Home in disrepair at Big Valley Mobile Home Park. Dave Boyd photo.
Two recent fires at a Johnson City mobile home park have prompted the city building codes department, and the park’s owner, to take action.
Big Valley Mobile Home Park, located just off the Bristol Highway, is one of the city’s oldest such parks, having been around since at least the 1950s.
In recent years, many of the more than 80 mobile homes located there have fallen into disrepair indicative of their age as some have been around since the late 1960s. In addition, most of those are uninhabited.
“For the last few months, we’ve been targeting some of those mobile homes,” Chief Building Official/Fire Marshal Steve Shell said. “We feel like that area needs some attention, and since we’ve started having some fires out there we decided to step things up a little more.”
There are also concerns about flooding in the area making dilapidated mobile homes more of a potential danger.
Shell said the park’s owner, Lloyd Fleenor, has come back into possession of the park after another owner ran it for several years, and has been cooperating with the city to remove some of the more dilapidated mobile homes.
Branson Tipton, in management/maintenance for the park, said eight mobile homes are in the process of being removed.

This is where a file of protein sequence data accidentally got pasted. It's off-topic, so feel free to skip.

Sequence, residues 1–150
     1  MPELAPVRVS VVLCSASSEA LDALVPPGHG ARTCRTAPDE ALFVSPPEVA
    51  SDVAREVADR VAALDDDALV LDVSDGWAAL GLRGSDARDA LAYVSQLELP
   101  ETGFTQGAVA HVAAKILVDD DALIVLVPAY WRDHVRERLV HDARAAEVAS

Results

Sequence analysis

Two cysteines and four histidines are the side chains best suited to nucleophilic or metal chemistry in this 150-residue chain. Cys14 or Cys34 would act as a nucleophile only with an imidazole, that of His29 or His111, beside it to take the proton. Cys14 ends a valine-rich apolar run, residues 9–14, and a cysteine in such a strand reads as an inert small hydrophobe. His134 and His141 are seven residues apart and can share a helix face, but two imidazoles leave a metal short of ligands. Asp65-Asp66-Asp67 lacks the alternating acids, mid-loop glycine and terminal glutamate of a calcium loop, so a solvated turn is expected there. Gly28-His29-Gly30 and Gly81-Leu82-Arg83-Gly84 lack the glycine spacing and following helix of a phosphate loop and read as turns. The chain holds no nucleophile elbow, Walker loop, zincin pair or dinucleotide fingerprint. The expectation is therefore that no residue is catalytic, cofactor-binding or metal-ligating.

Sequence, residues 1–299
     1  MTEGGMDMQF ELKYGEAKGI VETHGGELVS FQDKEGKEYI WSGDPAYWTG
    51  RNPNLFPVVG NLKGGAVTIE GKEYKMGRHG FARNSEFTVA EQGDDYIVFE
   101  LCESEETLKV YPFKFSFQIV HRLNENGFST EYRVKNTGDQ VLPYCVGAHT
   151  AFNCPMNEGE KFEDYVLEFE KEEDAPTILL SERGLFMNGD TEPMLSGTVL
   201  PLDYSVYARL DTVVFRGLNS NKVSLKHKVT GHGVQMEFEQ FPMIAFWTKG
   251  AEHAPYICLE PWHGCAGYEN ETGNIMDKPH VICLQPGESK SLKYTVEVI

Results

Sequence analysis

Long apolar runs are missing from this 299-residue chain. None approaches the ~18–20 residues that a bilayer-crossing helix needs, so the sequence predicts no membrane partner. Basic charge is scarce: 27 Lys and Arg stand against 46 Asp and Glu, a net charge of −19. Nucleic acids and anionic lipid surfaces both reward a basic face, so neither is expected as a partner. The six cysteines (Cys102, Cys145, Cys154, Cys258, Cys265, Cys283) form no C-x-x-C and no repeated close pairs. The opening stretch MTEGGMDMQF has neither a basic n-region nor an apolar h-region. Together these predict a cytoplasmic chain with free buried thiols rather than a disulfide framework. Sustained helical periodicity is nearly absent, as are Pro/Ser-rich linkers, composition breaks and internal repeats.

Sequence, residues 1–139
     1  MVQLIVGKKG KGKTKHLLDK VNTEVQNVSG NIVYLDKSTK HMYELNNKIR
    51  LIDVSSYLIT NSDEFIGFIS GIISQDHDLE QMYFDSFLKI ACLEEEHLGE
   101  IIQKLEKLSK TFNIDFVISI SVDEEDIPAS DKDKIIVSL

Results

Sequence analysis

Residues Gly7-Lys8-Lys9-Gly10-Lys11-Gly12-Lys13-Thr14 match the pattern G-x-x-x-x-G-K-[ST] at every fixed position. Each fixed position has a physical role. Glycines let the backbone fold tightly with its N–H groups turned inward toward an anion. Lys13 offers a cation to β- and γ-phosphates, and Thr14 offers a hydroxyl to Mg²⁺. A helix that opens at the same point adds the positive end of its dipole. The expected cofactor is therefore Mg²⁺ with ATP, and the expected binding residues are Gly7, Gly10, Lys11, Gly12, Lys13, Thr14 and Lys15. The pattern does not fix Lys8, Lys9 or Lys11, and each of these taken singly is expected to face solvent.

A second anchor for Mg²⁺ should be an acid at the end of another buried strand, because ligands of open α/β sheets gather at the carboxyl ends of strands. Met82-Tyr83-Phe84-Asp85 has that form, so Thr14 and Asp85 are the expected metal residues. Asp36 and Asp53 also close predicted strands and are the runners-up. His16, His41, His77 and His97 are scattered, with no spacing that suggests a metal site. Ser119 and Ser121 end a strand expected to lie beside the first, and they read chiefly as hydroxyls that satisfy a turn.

“They’re the ones in the worst condition and it would really cost more to fix them than what they are worth,” Tipton said.
As for the recent fires, Tipton believes they were likely started by children who are park residents.
“I’ve seen them around here, trying to smoke and do it somewhere their parents can’t see them,” Tipton said. “Kids will be kids. That’s all I can think of.”
Tipton said park management was already in the process of trying to improve the park’s appearance, and the standing of its residents, before the fires.
“We’ve made it so that any trailer (model) older than the year 2000 can’t move in,” Tipton said. “We’ve also started to conduct background checks and credit checks for our residents.”
As long as the park management is cooperating and taking steps to alleviate problems, Shell said it’s less likely the matter will have to come before the city Board of Dwelling Standards.
“The board could find them unfit for human habitation and order them to be removed,” Shell said. “Of course, the owner can have any of them taken out of there any time he wants.”